While the circuit in FIG. 4 shows only one finger 40C that has no external current injection source, the present invention allows generalization of the circuit in FIG. 4 such that no external current injection source is attached to at least one of the multiple fingers of a multi-finger NMOSFET in an ESD protection circuit. Furthermore, the present invention allows a further generalization such that no external current injection source is attached to at least one of the multiple fingers of a multi-finger semiconductor device such as a multi-finger NMOSFET, a multi-finger PMOSFET, and a multi-finger thyristor.

Furthermore, the present invention does not necessarily require that at least one of the fingers have no external current injection source. All the fingers of a multi-fingered semiconductor device may have an external current injection source attached to each finger or only some of them may have an external current injection source attached to them. According to the present invention, at least one external current injection source may inject a different amount of injection current than another external current injection source. By varying the amount of injection current supplied to the different fingers, the trigger voltage above which the finger turns on may be matched from finger to finger.

In another perspective, the present invention pumps current locally into the substrate, which forms the body (46A-46E) of each finger so that the trigger voltages are matched across the fingers.

According to the present invention, at least two of the multiple fingers in a multi-fingered NMOSFET ESD protection circuit have substantially matched trigger voltages above which the fingers turn on. In general, according to the present invention, at least two of the multiple fingers in a multi-fingered semiconductor device have substantially matched trigger voltages above which the fingers turn on. More preferably, according to the present invention, all of the multiple fingers in a multi-fingered semiconductor device have substantially matched trigger voltages above which the fingers turn on.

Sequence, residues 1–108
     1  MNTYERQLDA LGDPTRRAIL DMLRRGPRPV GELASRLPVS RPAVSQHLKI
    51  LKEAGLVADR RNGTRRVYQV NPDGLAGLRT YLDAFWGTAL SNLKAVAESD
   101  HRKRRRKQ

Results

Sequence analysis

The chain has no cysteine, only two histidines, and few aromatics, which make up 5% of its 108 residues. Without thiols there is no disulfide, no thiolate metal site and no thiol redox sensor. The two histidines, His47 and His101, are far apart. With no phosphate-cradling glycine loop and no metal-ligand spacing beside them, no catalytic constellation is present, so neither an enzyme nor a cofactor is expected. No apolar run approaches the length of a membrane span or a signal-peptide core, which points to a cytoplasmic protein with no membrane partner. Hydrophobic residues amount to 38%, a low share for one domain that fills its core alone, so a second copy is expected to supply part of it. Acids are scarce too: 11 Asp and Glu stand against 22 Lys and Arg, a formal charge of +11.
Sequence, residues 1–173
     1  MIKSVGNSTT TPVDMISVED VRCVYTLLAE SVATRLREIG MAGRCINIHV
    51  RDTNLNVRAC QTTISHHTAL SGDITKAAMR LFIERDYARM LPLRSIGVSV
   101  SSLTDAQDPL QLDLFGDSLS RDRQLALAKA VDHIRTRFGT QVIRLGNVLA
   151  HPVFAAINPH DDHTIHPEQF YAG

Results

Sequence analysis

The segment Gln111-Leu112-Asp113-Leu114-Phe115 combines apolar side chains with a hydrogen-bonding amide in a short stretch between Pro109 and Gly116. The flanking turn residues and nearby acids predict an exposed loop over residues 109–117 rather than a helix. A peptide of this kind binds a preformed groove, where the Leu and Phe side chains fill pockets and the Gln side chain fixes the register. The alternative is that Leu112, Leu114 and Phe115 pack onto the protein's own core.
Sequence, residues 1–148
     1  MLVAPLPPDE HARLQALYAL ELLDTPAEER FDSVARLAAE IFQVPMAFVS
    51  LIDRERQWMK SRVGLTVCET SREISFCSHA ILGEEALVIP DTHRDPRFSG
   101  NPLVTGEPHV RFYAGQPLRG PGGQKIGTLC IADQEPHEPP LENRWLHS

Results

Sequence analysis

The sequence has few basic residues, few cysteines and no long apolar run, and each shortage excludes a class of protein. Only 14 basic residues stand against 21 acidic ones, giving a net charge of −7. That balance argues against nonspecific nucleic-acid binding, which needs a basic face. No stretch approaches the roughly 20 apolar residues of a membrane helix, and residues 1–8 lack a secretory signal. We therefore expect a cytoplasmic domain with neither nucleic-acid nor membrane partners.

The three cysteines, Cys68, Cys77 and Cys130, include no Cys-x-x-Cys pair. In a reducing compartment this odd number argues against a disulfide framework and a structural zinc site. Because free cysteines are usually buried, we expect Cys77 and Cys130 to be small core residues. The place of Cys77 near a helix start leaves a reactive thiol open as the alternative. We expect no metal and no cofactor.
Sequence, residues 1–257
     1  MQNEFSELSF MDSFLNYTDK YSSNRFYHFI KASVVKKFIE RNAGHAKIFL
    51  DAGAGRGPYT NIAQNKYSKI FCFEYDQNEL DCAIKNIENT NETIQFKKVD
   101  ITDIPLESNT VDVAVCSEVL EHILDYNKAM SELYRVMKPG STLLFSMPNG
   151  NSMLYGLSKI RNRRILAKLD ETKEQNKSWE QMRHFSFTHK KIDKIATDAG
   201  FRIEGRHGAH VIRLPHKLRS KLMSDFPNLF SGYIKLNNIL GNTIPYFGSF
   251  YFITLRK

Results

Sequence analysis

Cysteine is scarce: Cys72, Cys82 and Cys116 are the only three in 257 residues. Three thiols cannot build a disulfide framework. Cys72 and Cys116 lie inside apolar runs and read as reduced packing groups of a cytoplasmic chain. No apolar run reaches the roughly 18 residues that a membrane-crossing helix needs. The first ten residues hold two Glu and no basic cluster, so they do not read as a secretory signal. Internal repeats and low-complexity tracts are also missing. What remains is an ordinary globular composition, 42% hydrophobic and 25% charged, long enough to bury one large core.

Furthermore, according to the present invention, at least one of the external current injection sources may be provided with a tunable component that modulates the amount of external current.

FIG. 5 shows an exemplary layout for a 430 array of fingers used in a 120-finger NMOSFET ESD protection circuit. As mentioned above, it is understood that additional array configurations are practicable with the present invention. The fingers are arranged in four rows, labeled row 1, row 2, row 3, and row 4. Each row has 30 fingers with the first finger 101 at the leftmost location and the thirtieth finger 130 at the rightmost location. FIG. 5 also shows the eleventh fingers 111 and the twentieth fingers 120 for clarity. The distribution of the physical location of the fingers is for the purpose of providing enhanced ESD protection across the chip from an ESD event at an unpredictable location. In FIG. 5, the resistance between the body of each finger and the substrate ring contact is not zero due to the finite resistance of material between them.

This point is illustrated in FIG. 6, in which the curves for substrate potential versus drain voltage are plotted for two fingers, finger A and finger B, which have non-identical parasitic resistance between the body and the substrate ring contact. The two fingers belong to a hypothetical multi-finger NMOSFET in an ESD protection circuit similar to the one shown in FIG. 3. Since the parasitic bipolar transistors in FIG. 3 turns on at a “turn-on substrate potential,” which is around 0.70V for a silicon based bipolar transistor, the drain voltage at which the substrate potential becomes the turn-on substrate potential is the trigger voltage for each finger. Finger A trigger voltage and Finger B trigger point are shown in FIG. 6. In general, each finger of a multi-finger device such as is shown in FIG. 3 produces a different substrate potential since the different parasitic resistances of the fingers are not compensated for. In contrast to the prior art, the differences in the parasitic resistances are compensated for by such external current injection sources (45A, 45B, 45D, and 45E) according to the present invention, as is shown in FIG. 4, which can be generalized to other multi-finger NMOSFETs, to multi-finger PMOSFETs, and to multi-finger thyristors